Israel’s national hockey team competed in the International Ice Hockey Federation Division II, Group A World Championship in April 2008. The tournament was hosted by Romania and held in the city of Miercurea Ciuc. Israel competed against host Romania, Belgium, Serbia, Bulgaria and Ireland.
Israel has been coached for several years now by Jean Perron, who coached the NHL’s Montreal Canadiens to the 1985-86 Stanley Cup championship. The Israeli national team is currently ranked 35th in the IIHF world rankings. IIHF’s Division II is two levels below the elite hockey powers such as Canada, Russia, Sweden, Finland, the United States, and the Czech Republic. IIHF Division II consists of national teams featuring a mix of largely semi-pro and amateur players, with some pro players mixed in. However, the top Division II teams such as Romania feature a largely professional roster, whereas teams newly promoted to Division II, such as Ireland, are almost all amateur players.
Israel’s roster consists of a mix of dual Canadian-Israeli citizens and Israelis who originally came to Israel by way of the Soviet Union. Native born Israelis are starting to appear on the Israeli hockey scene as well. The Israeli men’s team has players who play in various leagues and almost never get a chance to play together on a consistent basis. The eligible players form a fluid roster; the team’s roster changes from tournament to tournament depending on who is available at the time. The top few players on the Israeli team are professionals. The bulk of the players are amateurs. Some play in the Israeli national league (an amateur league, which, on average, competes roughly at a U.S. Junior B level, although the players on the Israel national team from that league compete at a higher level). Others play Canadian Junior A or Canadian university hockey.
In Romania, Israel started out with only two and a half lines of offense and two lines of defense available. The team ultimately ended up with three lines. With such a short bench, Perron had some of the forwards drop back and play some shifts on defense. I spoke to Tal Avneri, a dual U.S.-Israeli citizen making his IIHF tournament debut for Israel, about the short bench situation. Avneri said that Perron used him on defense for about half of the games due to the shortage of players.
The tournament started horrifically for Israel, as they were crushed by the host Romanians by a score of 13-0. Of small consolation was the fact that the Romanians went on the beat all of the competition by similarly lopsided scores, and earned a promotion to the IIHF Division I tournament in 2009, which is the level right under the elite hockey powers. Israel was outshot in the game by a 59-17 margin. Israel next faced Belgium, a team Israel was 6-5-1 against all time heading into the match-up. Although Israel led 1-0, and the game was tied 2-2 at one point, Belgium won the game 6-3, outshooting the Israelis by a 40-32 margin. Israel then faced Serbia, a team Israel has had some success against in the past. The Serbians dominated the contest, winning 4-1 and outshooting Israel 53-17. Again, Israel couldn’t hold on to an early 1-0 lead.
With two games remaining, Israel needed to win both to keep its fate in its own hands (rather than watching the scoreboard and hoping for other teams to lose) and assure that the team stayed in Division II. Israel faced Bulgaria, a team it was 2-1-1 against all time coming into the contest. The Israelis won a tight 5-4 game in overtime. The Israelis outshot the Bulgarians by a 38-22 margin, but let a 4-2 third period lead slip away before winning early in overtime on a goal by Max Birbraer, the team’s star offensive player. Birbraer, a 2000 third round draft pick of the New Jersey Devils, currently plays professionally in the British Elite League, and was relied upon by Israel for offense. Birbraer led Israel in scoring during the tournament, with five goals and six assists for 11 points in five games. His breakout game was against Ireland, Israel’s final foe in the tournament. Birbraer spoke to Inside Hockey about the Israeli national team and his career; click here to read the interview.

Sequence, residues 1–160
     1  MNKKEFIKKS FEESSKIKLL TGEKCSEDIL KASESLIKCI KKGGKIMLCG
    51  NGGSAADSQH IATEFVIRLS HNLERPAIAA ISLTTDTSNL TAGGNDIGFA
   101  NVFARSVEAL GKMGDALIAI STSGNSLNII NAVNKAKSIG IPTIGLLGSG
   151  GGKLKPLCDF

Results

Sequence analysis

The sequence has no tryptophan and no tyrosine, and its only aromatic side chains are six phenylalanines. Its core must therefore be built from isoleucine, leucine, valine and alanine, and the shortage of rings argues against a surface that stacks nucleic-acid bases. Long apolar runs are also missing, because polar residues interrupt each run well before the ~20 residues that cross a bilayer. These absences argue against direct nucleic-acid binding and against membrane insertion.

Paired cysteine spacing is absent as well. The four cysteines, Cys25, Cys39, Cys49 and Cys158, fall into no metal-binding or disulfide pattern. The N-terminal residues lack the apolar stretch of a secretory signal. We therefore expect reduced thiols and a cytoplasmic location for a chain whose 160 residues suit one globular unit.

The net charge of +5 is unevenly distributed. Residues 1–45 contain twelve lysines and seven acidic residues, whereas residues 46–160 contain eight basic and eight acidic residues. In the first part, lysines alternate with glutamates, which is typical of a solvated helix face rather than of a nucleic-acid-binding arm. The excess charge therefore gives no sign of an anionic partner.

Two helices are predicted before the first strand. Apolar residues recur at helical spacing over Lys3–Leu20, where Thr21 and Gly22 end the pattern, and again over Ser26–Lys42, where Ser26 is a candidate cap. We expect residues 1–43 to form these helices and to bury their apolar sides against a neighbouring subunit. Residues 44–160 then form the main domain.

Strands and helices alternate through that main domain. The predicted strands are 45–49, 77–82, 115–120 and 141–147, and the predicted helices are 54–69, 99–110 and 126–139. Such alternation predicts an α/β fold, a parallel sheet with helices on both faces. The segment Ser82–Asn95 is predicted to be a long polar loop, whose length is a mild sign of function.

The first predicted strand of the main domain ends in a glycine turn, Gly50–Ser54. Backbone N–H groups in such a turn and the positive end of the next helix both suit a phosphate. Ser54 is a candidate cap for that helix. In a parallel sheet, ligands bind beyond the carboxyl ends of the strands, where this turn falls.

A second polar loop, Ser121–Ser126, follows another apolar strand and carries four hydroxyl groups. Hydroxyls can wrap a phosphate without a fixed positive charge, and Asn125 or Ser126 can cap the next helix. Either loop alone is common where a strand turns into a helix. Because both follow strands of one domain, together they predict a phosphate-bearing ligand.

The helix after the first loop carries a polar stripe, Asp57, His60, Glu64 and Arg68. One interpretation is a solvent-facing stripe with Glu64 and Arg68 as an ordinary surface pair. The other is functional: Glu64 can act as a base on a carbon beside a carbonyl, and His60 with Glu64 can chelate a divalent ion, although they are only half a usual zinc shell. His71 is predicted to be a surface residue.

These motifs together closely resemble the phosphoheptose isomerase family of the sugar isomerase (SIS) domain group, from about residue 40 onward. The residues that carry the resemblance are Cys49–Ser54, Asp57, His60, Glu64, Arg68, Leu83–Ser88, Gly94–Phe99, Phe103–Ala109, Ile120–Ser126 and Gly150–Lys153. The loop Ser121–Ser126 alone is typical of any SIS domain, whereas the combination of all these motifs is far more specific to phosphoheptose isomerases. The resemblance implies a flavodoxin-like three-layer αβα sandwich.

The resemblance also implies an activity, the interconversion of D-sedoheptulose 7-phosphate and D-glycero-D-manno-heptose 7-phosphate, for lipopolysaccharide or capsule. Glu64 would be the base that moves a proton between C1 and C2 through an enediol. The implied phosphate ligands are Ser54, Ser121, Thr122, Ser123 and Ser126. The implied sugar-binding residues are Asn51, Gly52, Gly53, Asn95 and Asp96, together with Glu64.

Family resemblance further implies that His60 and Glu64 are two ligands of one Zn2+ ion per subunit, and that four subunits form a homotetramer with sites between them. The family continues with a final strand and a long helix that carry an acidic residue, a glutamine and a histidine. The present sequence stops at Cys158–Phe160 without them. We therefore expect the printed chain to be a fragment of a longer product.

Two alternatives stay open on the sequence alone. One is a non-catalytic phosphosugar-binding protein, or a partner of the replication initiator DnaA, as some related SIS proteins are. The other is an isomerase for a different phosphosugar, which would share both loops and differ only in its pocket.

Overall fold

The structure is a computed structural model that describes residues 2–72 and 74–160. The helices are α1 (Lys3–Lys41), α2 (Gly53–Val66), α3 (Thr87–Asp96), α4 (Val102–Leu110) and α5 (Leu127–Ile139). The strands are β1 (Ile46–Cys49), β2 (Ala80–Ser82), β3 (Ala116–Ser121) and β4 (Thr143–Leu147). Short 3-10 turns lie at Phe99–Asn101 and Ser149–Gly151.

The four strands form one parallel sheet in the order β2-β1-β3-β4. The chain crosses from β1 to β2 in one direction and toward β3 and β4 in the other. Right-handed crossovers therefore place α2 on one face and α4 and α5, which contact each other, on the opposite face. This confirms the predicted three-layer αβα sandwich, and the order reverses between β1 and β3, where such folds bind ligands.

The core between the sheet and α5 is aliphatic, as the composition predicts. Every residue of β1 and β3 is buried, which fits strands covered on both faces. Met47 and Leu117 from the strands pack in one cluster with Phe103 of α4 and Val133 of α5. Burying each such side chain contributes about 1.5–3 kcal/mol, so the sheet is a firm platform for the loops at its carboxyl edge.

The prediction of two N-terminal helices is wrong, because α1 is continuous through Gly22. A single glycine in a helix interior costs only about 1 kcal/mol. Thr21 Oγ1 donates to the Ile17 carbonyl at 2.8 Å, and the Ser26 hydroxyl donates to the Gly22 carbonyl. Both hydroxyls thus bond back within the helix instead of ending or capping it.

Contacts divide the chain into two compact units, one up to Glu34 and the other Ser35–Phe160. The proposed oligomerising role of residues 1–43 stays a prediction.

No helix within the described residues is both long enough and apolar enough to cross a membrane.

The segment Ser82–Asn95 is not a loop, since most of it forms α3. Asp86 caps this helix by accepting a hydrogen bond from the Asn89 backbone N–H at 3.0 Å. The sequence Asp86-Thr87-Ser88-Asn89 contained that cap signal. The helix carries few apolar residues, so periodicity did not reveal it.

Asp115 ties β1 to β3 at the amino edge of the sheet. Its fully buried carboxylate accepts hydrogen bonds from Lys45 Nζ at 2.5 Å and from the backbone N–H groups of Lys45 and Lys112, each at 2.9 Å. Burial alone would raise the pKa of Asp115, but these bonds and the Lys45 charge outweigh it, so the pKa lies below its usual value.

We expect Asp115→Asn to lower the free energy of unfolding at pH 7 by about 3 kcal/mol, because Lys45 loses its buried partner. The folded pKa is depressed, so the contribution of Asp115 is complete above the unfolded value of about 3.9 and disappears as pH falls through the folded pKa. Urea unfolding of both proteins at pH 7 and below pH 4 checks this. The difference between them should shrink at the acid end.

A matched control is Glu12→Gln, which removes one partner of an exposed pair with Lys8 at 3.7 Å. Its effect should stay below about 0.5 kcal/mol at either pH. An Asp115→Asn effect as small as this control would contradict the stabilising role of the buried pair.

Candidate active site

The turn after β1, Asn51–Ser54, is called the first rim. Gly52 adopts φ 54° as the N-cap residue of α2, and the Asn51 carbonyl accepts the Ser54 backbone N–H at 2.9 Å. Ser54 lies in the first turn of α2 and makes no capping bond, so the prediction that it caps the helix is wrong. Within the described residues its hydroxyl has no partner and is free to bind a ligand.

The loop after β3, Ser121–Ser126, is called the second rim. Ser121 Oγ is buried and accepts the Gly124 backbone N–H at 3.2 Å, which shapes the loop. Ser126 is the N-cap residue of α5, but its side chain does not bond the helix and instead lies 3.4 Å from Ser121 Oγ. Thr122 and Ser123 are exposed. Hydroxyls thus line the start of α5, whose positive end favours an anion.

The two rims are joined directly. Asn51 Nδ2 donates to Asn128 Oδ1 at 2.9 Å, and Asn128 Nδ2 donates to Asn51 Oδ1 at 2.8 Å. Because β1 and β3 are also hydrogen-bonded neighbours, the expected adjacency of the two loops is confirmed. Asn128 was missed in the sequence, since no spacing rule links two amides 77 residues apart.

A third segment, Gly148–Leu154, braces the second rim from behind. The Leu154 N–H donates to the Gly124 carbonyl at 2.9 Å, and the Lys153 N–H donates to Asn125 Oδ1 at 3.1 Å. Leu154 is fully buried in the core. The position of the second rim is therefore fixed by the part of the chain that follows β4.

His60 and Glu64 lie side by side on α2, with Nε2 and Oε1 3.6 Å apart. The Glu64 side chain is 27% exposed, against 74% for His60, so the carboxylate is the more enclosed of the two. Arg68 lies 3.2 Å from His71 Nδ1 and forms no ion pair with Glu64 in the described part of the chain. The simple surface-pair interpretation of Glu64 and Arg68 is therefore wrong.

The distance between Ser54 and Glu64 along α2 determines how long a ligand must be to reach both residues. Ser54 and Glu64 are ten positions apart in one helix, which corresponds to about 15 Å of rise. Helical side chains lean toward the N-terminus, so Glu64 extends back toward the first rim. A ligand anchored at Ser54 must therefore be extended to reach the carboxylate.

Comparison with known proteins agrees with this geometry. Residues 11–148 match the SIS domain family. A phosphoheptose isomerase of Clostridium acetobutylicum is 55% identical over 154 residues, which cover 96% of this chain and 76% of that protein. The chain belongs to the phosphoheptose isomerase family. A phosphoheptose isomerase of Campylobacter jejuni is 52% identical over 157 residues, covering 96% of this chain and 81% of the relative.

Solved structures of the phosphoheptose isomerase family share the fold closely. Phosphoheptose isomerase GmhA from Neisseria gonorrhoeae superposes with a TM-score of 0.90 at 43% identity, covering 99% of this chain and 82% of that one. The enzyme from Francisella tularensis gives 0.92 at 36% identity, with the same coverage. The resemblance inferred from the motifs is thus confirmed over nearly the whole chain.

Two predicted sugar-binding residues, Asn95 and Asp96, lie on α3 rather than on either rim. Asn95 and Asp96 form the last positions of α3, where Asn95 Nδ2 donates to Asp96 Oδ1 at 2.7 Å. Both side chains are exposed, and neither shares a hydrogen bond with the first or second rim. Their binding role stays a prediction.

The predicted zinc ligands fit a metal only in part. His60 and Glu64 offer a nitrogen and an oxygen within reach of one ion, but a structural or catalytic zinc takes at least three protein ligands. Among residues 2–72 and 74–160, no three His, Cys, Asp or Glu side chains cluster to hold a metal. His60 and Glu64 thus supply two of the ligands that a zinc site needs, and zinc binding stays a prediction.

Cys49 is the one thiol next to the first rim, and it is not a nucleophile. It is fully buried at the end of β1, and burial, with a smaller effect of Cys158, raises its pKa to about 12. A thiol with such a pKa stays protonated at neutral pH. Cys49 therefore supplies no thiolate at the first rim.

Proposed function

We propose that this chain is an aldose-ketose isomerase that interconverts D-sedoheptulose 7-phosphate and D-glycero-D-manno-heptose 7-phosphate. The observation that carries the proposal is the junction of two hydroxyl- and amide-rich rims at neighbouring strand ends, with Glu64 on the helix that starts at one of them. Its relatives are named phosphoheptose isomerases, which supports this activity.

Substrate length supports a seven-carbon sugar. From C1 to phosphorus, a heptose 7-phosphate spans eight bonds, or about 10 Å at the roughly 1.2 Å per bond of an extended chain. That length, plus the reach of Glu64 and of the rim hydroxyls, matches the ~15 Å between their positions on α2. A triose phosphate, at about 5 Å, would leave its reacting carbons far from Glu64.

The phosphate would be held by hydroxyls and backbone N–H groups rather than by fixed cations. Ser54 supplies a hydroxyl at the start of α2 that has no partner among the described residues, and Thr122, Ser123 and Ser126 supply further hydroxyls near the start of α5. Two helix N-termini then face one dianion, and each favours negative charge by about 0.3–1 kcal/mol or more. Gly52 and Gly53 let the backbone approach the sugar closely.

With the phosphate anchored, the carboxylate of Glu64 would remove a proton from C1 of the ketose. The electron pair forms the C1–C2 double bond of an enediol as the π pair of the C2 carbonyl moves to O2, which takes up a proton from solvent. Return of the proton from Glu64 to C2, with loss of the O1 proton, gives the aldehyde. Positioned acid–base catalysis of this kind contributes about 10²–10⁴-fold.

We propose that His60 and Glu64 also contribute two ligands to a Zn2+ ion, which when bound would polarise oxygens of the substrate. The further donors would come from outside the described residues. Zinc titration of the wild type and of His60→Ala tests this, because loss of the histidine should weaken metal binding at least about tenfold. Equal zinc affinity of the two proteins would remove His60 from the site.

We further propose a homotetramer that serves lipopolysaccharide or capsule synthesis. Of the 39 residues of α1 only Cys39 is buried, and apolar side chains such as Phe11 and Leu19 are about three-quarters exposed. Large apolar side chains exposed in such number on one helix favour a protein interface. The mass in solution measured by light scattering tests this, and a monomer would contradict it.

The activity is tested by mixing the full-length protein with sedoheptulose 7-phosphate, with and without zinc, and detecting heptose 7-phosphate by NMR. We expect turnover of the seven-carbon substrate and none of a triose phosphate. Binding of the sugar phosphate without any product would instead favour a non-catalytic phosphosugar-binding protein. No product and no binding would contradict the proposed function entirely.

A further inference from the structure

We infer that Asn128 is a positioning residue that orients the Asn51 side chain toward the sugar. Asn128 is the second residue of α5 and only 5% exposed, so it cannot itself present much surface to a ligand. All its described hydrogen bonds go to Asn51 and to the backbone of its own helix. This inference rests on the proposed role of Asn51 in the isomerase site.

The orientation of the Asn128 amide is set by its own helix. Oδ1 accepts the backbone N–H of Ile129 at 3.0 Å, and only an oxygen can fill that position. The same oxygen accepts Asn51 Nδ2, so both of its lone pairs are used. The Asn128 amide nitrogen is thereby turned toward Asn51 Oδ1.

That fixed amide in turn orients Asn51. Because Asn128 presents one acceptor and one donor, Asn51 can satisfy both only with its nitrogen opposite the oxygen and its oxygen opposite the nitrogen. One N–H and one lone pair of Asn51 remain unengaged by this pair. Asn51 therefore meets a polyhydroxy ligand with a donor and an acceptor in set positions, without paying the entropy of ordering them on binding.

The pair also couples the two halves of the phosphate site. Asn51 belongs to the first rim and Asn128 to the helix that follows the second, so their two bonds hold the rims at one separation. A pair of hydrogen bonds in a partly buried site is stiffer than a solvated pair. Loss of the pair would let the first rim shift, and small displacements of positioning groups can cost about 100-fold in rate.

Ireland was something of a surprise participant in the tournament. The reason is that the Irish national team is in its infancy – it participated for the very first time in an IIHF tournament last year in 2007, hosting an IIHF Division III tournament – which it surprisingly won to gain immediate promotion to Division II. The Irish program has commendably grown very quickly, and they were looking to upset the depleted Israeli squad. However, the Irish were overmatched in all of their games in their first trip to the Division II level, including the game against Israel, despite Israel’s short bench. Israel outshot Ireland 42-21 and crushed the Irish by a 7-1 score. Birbraer had a hat trick and added three assists for a six-point game.
Inside Hockey spoke to Israeli national team player Tal Avneri about the tournament. Avneri, 23, refused to place the blame for the losses on the short bench. “We didn’t fight hard enough when we fell behind. It wasn’t the short bench. We needed to play a full 60 minutes every game, and we didn’t always do that. I don’t know why, it was a weird year.” Avneri said that “even with the short bench, we had the talent to win silver, and it’s disappointing that we didn’t. We should have at least won a medal this year for Jean [Perron].” Avneri and the rest of the team are looking to do just that in next year’s IIHF Division II tournament.
Romania went undefeated to win the tournament and gain promotion to the 2009 IIHF Division I tournament, where it will face the likes of Italy, Slovenia, Kazakhstan, and Great Britain. Belgium won silver, Serbia won bronze. Israel finished mid-table in fourth place, with Bulgaria in fifth and Ireland in sixth. Ireland was relegated back to IIHF Division III.
Photo © 2008 Tal Avneri